The Board of Trustees met March 5 at the Eric P. Newman Education Center to hear reports on significant initiatives at the University and the School of Medicine, according to Chancellor Mark S. Wrighton.
Before the meeting, the medical school presented a special program on “Multidisciplinary Science — Lab to Patient and Back Again,” a description of how teams of investigators from multiple disciplines work toward common goals. Introducing the presentation was Timothy J. Eberlein, M.D., the Spencer T. and Ann W. Olin Distinguished Professor in Medicine, head of the department of surgery, and director of the Siteman Cancer Center.
Presenters were David M. Ornitz, M.D., Ph.D., the Alumni Endowed Professor of Molecular Biology and Pharmacology, and Helen M. Piwnica-Worms, Ph.D., professor of cell biology and physiology and of internal medicine and an investigator for the Howard Hughes Medical Institute at the School of Medicine.
During the regular meeting of the board, trustees heard a report from Larry J. Shapiro, M.D., executive vice chancellor for medical affairs and dean of the School of Medicine, and from Jonathan D. Gitlin, M.D., the Helene B. Roberson Professor of Pediatrics, regarding the long-standing partnership between the University and St. Louis Children’s Hospital.
In his remarks, Gitlin described a new research thrust of St. Louis Children’s Hospital. He noted that the interdisciplinary research effort will focus on discovering cures to such childhood illnesses as congenital heart disease, cancer, lung and respiratory disorders, and musculoskeletal and metabolic diseases. He said that the sequencing of the human genome provides an opportunity to understand the fundamental basis of all human diseases and begin eliminating them.
In his report to the trustees, Wrighton reported on plans for the May 30-June 3 meeting of the International Advisory Council for Asia in Seoul, South Korea. The program will include presentations by the deans of the Olin School of Business and the medical school, as well as presentations by prominent medical faculty and economists from Arts & Sciences.
The chancellor reported that the freshman class that will enroll in the fall appears to be yet another record-breaking group in terms of the academic strength of the applicants, who come from all 50 states and nearly 100 countries. Also noted in the chancellor’s report were:
• The presidential debate scheduled for Oct. 8 in the Athletic Complex appears to be moving ahead well. Communication with the Commission on Presidential Debates continues as to the structure and nature of the event that will be telecast to more than 100 million viewers worldwide.
• The Sesquicentennial celebration that was launched in Sep-tember continues and will be culminated at Commencement May 21, with Thomas L. Freidman, the New York Times columnist and Pulitzer Prize winner, as the speaker.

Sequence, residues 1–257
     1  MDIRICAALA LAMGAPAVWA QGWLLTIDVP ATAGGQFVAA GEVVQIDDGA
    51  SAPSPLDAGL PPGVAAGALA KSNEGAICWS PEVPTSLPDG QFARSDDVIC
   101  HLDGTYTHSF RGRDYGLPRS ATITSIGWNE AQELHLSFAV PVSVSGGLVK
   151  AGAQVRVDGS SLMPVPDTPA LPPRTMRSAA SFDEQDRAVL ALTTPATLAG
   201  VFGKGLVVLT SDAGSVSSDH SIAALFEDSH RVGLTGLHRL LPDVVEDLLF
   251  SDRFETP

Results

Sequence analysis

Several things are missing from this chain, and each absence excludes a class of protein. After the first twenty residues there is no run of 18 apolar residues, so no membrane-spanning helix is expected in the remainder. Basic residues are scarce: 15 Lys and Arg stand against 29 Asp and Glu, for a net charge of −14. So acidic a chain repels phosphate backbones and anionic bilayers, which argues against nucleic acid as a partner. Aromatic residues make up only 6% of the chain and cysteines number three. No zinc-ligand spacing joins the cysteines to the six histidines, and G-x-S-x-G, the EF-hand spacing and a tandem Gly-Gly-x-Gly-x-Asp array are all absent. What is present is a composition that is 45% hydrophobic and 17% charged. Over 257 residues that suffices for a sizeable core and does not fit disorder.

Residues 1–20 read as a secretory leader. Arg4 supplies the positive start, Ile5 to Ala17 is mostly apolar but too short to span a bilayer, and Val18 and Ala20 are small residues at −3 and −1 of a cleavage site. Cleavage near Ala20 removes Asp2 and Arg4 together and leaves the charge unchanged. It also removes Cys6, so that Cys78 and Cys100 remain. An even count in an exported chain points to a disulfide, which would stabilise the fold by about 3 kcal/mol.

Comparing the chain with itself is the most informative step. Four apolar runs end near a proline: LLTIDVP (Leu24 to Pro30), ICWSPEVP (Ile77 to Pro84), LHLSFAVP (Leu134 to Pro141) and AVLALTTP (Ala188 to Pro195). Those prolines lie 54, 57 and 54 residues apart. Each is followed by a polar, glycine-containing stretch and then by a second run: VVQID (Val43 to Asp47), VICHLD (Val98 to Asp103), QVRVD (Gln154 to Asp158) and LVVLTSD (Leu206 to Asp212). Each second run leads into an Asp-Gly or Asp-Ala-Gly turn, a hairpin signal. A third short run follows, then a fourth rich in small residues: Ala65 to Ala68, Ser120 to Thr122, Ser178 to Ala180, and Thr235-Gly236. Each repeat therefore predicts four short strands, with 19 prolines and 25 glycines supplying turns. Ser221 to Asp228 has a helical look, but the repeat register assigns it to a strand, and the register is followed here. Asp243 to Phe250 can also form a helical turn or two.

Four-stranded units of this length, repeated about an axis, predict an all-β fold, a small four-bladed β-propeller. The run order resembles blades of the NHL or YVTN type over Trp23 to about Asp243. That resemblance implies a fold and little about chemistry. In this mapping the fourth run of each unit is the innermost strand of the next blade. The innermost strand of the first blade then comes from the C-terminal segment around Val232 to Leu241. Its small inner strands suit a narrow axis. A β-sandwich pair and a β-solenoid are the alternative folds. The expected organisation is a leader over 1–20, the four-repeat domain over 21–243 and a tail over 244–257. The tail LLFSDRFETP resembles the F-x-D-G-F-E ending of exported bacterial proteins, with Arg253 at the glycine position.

• Raymond E. Arvidson, Ph.D., the James S. McDonnell Distinguished University Professor and chair of earth & planetary sciences in Arts & Sciences, is deputy principal scientist for the current Mars mission. He is working at NASA’s Jet Propulsion Laboratory in Pasadena, Calif., with several other University faculty and students, including Rhodes Scholar Bethany Ehlmann.
• Several more endowed professorships have been announced since the previous trustee meeting, bringing the current total to approximately 135 during the Campaign for Washington University.
• Construction and facilities renovation continues apace, with the groundbreaking for the Sam Fox Arts Center April 14 and the rededication of the Olin Library, which has undergone a $38.4 million renovation, May 7. Also to be dedicated on that date will be a statue of George Washington that will stand at the library’s south side.
• Other facilities announcements noted that the construction on the Earth & Planetary Sciences Building is continuing on schedule. The facility is expected to open for use next year. The new housing facility to replace Eliot Hall is expected to be completed in August.
Wrighton concluded his remarks by noting the exceptional performance of University athletic teams, including women’s basketball, the University Athletic Association co-champion that had its 15th-consecutive appearance in the NCAA Division III Tournament.
In other action, the trustees passed a memorial resolution and observed a moment of silence in memory of Emeritus Trustee David S. Lewis, who died Dec. 15 at age 86. Lewis had served on the board since 1971 and was the retired chairman and chief executive officer of General Dynamics.
The trustees received committee reports from the following areas: development, campaign, educational policy, medical finance, investments, research-graduate affairs, undergraduate life, audit, Hilltop finance and the Alumni Board of Governors.